Her past medical history is significant for asthma diagnosed in childhood, seasonal allergies, and gastroesophageal reflux disease (GERD) during her previous pregnancy. She notes that her asthma symptoms had been well-controlled on inhaled fluticasone/salmeterol (250mcg/50mcg), albuterol HFA as needed, and a nasal steroid spray prior to pregnancy. However, she discontinued all of her medications when she learned that she was pregnant for fear that they might harm her baby.

    The patient works in sales and has not used tobacco since college. She is allergic to cats and dust mites, but currently has no pets in her home. She has no additional medical history other than that described above.

    At todayís visit she feels that she is unable to take a deep breath. She also describes one to two episodes of wheezing daily and night time cough two to three times per week. Warm air, dust, and exposure to cats seem to exacerbate her symptoms.

    Physical Exam

    On physical exam, the patient is in no acute distress. There is erythema of the nares bilaterally with clear rhinorrhea and cobble-stoning of the posterior pharynx. The lungs are clear to auscultation bilaterally. Heart sounds are normal without audible murmurs, gallops, or rubs. The abdomen is gravid and consistent with the patientís current gestational age. There is trace edema of the lower extremities but no clubbing or cyanosis.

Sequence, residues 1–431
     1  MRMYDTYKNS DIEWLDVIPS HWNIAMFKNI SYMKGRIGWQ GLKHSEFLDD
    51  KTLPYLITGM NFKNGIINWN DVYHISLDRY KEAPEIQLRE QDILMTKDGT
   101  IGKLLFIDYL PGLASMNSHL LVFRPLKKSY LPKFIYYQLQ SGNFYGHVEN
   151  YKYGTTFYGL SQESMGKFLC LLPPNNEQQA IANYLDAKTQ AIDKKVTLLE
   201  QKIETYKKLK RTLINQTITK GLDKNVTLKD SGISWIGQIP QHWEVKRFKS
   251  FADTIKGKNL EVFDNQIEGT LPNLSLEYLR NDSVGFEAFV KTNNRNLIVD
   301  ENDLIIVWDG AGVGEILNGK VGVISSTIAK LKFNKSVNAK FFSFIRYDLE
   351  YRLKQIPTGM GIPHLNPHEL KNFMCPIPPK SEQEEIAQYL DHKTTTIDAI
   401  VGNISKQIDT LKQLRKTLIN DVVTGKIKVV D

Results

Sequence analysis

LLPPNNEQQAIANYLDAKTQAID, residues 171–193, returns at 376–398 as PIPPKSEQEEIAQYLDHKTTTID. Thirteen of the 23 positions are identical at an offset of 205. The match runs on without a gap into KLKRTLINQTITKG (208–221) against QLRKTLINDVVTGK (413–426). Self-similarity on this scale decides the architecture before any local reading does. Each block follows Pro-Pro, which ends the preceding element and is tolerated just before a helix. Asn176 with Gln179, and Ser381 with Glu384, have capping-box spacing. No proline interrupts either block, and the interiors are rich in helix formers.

Lab

    Spirometry from approximately one year prior to the visit reveals the following:

    Pre-bronchodilator forced vital capacity (FVC) 5.11 L (116% predicted), forced expiratory volume in one second (FEV1) 3.12 L (84% predicted), FEV1/FVC 0.61. Post-bronchodilator FVC 5.16 L (1% change), FEV1 3.99 L (27% change), and FEV1/FVC 0.77.

    Figures

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    -------------------------

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    Question 4

    The patient is started on inhaled budesonide 180 mcg twice daily and nasal fluticasone. At her return visit she continues to complain of wheezing requiring short-acting beta-agonist therapy three to four times weekly but is no longer experiencing nocturnal symptoms. According to current guidelines, which of the following statements is true regarding therapy for this patient?



    A. The patient should continue on her current therapy as her symptoms have improved with the initiation of this regimen.

    B. It would be appropriate to double the dose of the prescribed inhaled corticosteroid or to consider the addition of a long-acting beta-agonist in this patient.